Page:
The Hoe-Handler

There was a time, long ago, when an old farmer offered him a hoe to use against the bandits assaulting his house. Honestly, Russ was skilled enough to use any sort of weapon, instead of the brand new sword hanging at his hip. However, he was fresh out of training, the top of his class, and his pride as a swordsman took over. With a tight smile, he grasped the rusted hoe with both hands, only to toss it aside as he reprimanded the foolish farmer for ridiculing him like this.
The old man rushed past him to retrieve the hoe, and after he fought off the bandits, he moved on to the capital, sure that he was bound for greater things.

His noteworthy performance in the tournament kept him convinced of that, as well as the newspapers and banners spread around in praise of him. His name heavily discussed in taverns, the bets placed on him, all the fame he could ask for. It swelled him up with confidence, and at the same time, slowed the hands of his opponents. They trembled when they saw him, granting him easy victories. What few people he faced who weren't complete cowards weren't worth his effort.

What a fool Russ was, blind to that silent rival steadily climbing his way up the ranks of the tournament. As quiet as that man had tried to be about his victories, his unique style landed him an article in one of the more popular newspapers.

He read it and tossed it aside, not expecting much from anyone other than himself.

It is only in the last match, when everything is at stake, that Russ finds himself proven horribly wrong, and as the world sails past, he catches sight of that rusted hoe.

Resting comfortably in the hands of the silent man standing over him. He wears no smug grin, no sign of mirth over his easy victory, like Russ has so many times before.

"Y-you win," Russ grinds out, barely able to speak from the pain shooting up his spine. He's been tossed onto his back enough times to know speaking only makes it worse, but he wants to provoke this man who's just bested him, wipe the humility off his sober face, expose him for the arrogant prick he actually is.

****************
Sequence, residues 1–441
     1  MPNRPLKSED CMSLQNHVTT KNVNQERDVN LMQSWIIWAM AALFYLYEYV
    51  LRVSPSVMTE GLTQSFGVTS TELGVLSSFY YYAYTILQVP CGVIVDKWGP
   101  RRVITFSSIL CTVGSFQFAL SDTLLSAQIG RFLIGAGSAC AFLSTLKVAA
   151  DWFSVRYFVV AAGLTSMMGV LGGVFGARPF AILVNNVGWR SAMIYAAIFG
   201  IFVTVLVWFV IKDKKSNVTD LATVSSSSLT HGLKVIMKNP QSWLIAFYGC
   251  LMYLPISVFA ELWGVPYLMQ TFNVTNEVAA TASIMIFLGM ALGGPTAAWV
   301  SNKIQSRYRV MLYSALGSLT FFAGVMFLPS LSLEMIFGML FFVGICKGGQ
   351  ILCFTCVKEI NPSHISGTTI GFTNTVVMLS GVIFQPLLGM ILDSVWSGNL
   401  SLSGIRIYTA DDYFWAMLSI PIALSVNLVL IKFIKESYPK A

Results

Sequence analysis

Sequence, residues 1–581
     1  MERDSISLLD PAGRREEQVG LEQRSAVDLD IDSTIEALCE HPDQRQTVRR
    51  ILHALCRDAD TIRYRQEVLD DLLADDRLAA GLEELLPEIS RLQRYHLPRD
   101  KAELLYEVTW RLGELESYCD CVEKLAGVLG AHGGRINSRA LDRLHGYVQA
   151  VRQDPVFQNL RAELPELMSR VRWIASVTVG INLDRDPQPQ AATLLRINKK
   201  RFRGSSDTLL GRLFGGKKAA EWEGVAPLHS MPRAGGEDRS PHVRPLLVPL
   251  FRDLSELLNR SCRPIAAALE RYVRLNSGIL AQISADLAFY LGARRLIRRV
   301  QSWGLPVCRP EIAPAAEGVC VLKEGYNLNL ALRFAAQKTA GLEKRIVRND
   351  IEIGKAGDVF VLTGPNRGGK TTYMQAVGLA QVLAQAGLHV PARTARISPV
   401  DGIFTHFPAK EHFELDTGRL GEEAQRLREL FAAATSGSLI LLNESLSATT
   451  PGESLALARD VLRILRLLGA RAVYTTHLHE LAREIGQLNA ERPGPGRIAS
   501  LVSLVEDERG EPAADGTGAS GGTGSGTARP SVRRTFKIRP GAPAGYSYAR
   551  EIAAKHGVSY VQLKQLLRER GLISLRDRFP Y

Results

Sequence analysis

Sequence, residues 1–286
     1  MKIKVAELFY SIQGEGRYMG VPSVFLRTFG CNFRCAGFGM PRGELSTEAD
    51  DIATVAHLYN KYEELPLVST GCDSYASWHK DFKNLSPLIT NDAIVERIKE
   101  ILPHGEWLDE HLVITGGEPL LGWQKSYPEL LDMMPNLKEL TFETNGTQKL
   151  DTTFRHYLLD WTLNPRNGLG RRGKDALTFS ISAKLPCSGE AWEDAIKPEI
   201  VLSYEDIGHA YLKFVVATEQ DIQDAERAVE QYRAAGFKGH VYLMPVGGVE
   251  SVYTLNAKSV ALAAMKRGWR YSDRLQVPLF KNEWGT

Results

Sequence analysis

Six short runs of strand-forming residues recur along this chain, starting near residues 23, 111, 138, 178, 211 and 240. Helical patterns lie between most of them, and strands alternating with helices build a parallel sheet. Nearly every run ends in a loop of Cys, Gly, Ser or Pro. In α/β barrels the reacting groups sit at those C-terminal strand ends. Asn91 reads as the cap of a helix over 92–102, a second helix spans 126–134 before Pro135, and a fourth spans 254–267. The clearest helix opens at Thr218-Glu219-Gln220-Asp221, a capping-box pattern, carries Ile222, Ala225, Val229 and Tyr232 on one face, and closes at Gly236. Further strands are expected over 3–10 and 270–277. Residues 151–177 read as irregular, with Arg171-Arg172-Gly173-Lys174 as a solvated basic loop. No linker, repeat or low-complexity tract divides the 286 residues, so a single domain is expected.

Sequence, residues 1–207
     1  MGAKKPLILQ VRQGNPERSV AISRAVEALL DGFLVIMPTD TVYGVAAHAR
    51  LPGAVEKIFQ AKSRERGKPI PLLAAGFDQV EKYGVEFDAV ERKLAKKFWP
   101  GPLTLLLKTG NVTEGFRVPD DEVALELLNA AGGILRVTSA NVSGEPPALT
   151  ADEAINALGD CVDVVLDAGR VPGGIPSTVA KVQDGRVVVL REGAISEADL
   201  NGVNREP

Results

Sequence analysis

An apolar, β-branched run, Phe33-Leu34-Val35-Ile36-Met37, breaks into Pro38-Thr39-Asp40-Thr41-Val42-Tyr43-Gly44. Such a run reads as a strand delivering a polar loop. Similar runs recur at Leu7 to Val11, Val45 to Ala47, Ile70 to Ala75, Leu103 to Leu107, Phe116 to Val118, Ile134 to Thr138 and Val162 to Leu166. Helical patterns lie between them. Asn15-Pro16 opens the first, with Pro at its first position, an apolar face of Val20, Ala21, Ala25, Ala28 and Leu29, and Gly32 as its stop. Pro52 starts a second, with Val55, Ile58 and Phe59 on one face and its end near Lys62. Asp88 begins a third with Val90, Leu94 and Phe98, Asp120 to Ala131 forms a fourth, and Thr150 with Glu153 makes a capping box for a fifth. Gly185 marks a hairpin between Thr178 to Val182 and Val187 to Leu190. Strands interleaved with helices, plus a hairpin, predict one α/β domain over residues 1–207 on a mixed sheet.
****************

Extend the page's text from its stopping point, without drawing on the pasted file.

"I'm sorry," the man replies, grabbing Russ's free hand to pull him to his feet. "I have no time to give you a proper fight, but if you wish for one."

"Find me."

An admirable man, if he met any. Not just his fighting skills, but the sense of honor he shows after a fight. Russ wonders just when he lost his own sense of honor.

The tournament ends with much ceremony, but the winner of the tournament is nowhere to be found. Just as quietly as he came, he slips back out, fading into obscurity. Later on, officials from the torn country of Lumir come searching for the "Hoe-Handler" as some have not-so-cleverly named him. Russ sits back in his inn room, and reads the papers, the headlines accusing the man they once praised of being a traitor to his home country, a man who stood and watched his king's gruesome assassination.

This same man who bested him, who accepted an old farmer's rusted hoe, who showed such humbleness after an easy win had betrayed his own country so cruelly. Russ folds the papers up, and wonders what the price of redemption is, if such a worthy man would ever be able to forgive himself.

He sets off the next day in search of this Hoe-Handler because regardless of the man's past, his existence promises a worthy fight.

The End

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